Tiny Mobile Phone Microscope

Ozcan tiny microscope for cell phone
The prototype for the lensless microscope developed at UCLA has the approximate diameter of a US Quarter. The microscope only weighs 46 grams, about as much as a large egg. (Courtesy of Ozcan Research Group @ UCLA)

My niece has worked in remote developing nations, in places like a tiny village in South Africa where the women have to walk several hours to fetch clean water. In order to travel to such areas, she had to take malaria medication and get a lot of vaccines — such as hepatitis A and B, yellow fever, typhoid, rabies, rubella, and diphtheria vaccines. HIV and Aids can also be prevalent. Unfortunately medical care and resources are often very limited in such isolated villages, where a doctor is many miles away and the villagers may not have access to vehicles or proper roads. To address this critical need, people are using new technology to bring the patients figuratively to the doctors. For example, medical data is acquired and then transmitted to a doctor or medical specialist elsewhere for offline assessment.

This field of telemedicine is growing rapidly. Some telemedical technology relies on the fact that cell phones are now used even in the developing world, as evidenced by extensive cell phone use after the recent earthquake in Haiti. Wireless phone technology has become significantly cheaper and the technical capabilities of cell phones is rapidly improving.

Aydrogan Ozcan, a research engineer at UCLA, has created a tiny microscope that is portable and lensless for telemedicine applications. The microscope attaches using a USB connection to a smart-phone, PDA or computer. This week his group published a paper describing in detail his latest, tiniest microscope. This minature microscope weighs just 46 grams (about the same weight as a large egg) and has dimensions of about 4 cm x 4 cm x 6 cm. It can image sub-cellular structures (with 1-2 micron resolution) over a 24 mm2 imaging area.

Microscopes normally use a lens to magnify the image of an object, where the image is generated by an electromagnetic (in optical microscopes) or electron (in electron microscopes) beam passing through the sample. However, standard microscopes are bulky and expensive, so they are generally used only in laboratories.

Ozcan’s lensless miniature microscope is instead based on digital in-line holography. It uses a simple light-emitting-diode (LED) and a compact digital sensor array to capture holographic images of blood samples or other fluids. A small chip is filled with a fluid sample, such as a blood smear, that is inserted into the microscope. The LED passes incoherent light through the sample, and the interference of the light waves that pass through the cells creates a hologram of each cell. The microscope digitally records these holograms, then rapidly reconstructs images of the cells. A compressed version of each holographic image can then be transmitted to hospitals elsewhere using wireless cellular networks, which have penetrated even the most remote corners of the world.

This portable microscope can accurately identify and count cells, including red blood cells, white blood cells, platelets, and T-cells (white blood cells whose counts are important for accurate diagnosis of AIDS). So this technology could help monitor diseases like malaria, HIV, and tuberculosis. It could also be used to test water quality following a disaster, such as a major earthquake or hurricane.

Ozcan’s microscope is also durable and easy to use. You just need to fill a chip with a sample and slide the chip into the slot in the microscope. The sample doesn’t need to be perfectly aligned in the microscope, so very minimal training is needed. It also uses cheap parts and a standard smart-phone. Plus the images are analyzed automatically by a computer, instead of requiring a trained medical technician.  However, this analysis does have a potential down-side. Namely, the computer automatically identifies a cell by comparing the cell’s hologram to a cell hologram library, but I’ve seen little information on the development of this database.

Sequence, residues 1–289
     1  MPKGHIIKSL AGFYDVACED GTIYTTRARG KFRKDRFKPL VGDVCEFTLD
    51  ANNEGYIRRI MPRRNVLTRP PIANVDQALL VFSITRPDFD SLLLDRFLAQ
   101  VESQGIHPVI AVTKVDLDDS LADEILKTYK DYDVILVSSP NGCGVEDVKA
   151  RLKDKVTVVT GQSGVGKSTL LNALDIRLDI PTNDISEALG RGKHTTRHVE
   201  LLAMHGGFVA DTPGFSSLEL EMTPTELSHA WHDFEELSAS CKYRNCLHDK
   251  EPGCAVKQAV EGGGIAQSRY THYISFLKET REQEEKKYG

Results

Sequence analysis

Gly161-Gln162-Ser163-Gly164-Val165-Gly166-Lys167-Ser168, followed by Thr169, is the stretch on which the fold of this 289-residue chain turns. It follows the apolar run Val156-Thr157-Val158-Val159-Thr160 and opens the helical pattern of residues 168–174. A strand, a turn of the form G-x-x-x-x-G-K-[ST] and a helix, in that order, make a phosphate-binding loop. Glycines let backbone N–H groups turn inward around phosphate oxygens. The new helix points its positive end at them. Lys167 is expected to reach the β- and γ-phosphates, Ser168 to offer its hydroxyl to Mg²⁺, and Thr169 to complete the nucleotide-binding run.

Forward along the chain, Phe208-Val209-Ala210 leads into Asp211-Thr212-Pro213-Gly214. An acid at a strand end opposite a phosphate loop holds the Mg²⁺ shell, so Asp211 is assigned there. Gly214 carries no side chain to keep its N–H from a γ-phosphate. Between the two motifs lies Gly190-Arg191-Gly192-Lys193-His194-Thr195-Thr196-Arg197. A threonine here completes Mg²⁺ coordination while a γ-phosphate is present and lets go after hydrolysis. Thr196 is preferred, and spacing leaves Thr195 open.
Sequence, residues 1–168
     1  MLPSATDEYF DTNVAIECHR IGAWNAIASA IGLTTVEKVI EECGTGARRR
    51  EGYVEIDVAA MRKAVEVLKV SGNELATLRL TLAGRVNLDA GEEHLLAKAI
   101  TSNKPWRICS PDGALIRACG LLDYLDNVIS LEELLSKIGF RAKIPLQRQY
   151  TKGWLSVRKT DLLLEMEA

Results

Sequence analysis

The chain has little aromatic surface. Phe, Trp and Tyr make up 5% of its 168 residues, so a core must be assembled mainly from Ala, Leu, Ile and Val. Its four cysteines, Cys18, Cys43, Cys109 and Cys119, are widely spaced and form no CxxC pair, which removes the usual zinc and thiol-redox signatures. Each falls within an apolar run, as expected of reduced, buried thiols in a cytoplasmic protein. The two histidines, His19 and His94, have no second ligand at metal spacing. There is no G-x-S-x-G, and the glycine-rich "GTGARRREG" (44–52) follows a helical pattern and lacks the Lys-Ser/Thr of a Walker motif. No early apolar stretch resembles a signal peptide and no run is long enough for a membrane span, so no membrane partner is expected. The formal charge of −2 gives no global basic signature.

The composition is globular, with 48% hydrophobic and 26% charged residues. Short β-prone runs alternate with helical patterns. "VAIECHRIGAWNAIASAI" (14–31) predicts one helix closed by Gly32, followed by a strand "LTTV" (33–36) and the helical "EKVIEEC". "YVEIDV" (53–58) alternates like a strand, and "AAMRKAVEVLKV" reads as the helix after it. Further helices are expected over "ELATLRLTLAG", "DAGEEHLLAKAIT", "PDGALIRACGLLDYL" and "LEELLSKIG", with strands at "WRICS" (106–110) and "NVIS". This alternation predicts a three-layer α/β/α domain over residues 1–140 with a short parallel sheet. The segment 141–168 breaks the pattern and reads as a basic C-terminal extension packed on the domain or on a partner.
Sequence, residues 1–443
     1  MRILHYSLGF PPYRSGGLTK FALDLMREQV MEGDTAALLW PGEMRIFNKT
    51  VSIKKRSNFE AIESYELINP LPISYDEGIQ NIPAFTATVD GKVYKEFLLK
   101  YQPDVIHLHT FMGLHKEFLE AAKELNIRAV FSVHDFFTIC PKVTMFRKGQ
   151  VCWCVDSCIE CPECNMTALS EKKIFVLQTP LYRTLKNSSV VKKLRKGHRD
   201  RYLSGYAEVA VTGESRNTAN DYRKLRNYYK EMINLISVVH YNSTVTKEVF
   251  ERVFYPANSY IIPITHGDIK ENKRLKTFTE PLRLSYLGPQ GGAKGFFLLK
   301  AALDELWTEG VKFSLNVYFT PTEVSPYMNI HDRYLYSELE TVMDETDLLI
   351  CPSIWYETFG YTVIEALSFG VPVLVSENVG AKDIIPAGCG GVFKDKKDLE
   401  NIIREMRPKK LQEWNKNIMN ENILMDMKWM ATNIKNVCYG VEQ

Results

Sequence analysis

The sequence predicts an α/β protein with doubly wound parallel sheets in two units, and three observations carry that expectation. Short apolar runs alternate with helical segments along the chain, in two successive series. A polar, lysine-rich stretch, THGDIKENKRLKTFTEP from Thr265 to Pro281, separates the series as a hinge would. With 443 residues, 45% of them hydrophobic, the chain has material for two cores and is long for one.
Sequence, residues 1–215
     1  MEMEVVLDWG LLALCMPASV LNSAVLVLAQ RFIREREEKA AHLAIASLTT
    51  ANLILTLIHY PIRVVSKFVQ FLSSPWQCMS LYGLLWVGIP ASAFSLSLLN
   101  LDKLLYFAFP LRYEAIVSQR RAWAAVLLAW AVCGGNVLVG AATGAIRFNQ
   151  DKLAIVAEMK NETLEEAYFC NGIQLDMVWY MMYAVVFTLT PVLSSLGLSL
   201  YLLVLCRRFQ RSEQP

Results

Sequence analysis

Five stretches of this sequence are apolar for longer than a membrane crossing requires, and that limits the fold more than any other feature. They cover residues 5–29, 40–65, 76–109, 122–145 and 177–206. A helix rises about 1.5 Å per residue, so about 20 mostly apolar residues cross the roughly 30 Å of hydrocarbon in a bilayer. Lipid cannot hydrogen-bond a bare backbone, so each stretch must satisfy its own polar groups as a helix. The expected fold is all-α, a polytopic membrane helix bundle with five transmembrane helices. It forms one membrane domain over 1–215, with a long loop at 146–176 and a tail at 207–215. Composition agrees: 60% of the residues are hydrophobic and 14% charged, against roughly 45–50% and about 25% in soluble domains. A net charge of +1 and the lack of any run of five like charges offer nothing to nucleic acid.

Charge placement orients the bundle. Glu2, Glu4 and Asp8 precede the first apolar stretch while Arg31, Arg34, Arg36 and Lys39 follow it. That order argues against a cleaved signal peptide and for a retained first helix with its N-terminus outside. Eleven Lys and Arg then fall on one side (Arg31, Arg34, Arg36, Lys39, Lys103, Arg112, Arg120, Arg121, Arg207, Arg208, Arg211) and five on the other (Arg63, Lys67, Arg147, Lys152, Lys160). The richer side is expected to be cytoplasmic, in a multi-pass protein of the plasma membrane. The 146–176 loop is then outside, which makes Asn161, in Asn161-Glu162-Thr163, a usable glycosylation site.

Overall though this new tiny mobile phone microscope has great promise. It could become a very cost-effective tool for telemedicine applications. Next time my niece heads off to a remote village, maybe she can have a tiny microscope to attach to her smart-phone just in case?

Advertisements

Science At The Theater

I want to let my Bay Area readers know about an upcoming cool science lecture for the general public. Berkeley Lab presents “Just Say No To Carbon Emissions” on April 26 from 7-9 pm at the Berkeley Repertory Theatre. Admission is free. There will be three dynamic speakers from Berkeley Labs discussing renewable energy topics. Ramamoorthy Ramesh, a material scientist, will describe current research efforts to make cheap solar. Nan Zhou will discuss efforts to increase energy efficiency and reduce carbon dioxide emissions in China. Lastly, the geologist Curt Oldenbury will explain a strategy to reduce carbon emissions from coal and natural gas, by storing it deep underground. This event is co-sponsored by “Friends of Berkeley Lab” and “Berkeley Energy and Resources Collaboration.” For more information, check out their website.

Hope for Alzheimer’s Patients?

PET image of brain using PIB
Courtesy of Dr. Jagust Lab, UC Berkeley

My mother died of Alzheimer’s at the age of 69, so I can personally attest to the horror of this disease. I can think of few things worse than slowly watching your cognitive abilities decline, particularly if you are aware of the progressive deterioration as my mother was. So I’m keeping a close watch on the latest Alzheimer’s research, including the research of my colleague William Jagust who is a neuroscientist at UC Berkeley.

Dr. Jagust is participating in the Alzheimer’s Disease Neuroimaging Initiative (ADNI), which is large multicenter project supported by NIH, private pharmaceutical companies and nonprofit organizations. The primary goal of ADNI is to discover indicators (biomarkers) that can track disease progression and hopefully diagnose Alzheimer’s early on. Basically, they want to help speed up and streamline drug and clinical trials by developing biomarkers that track Alzheimer’s more reliably.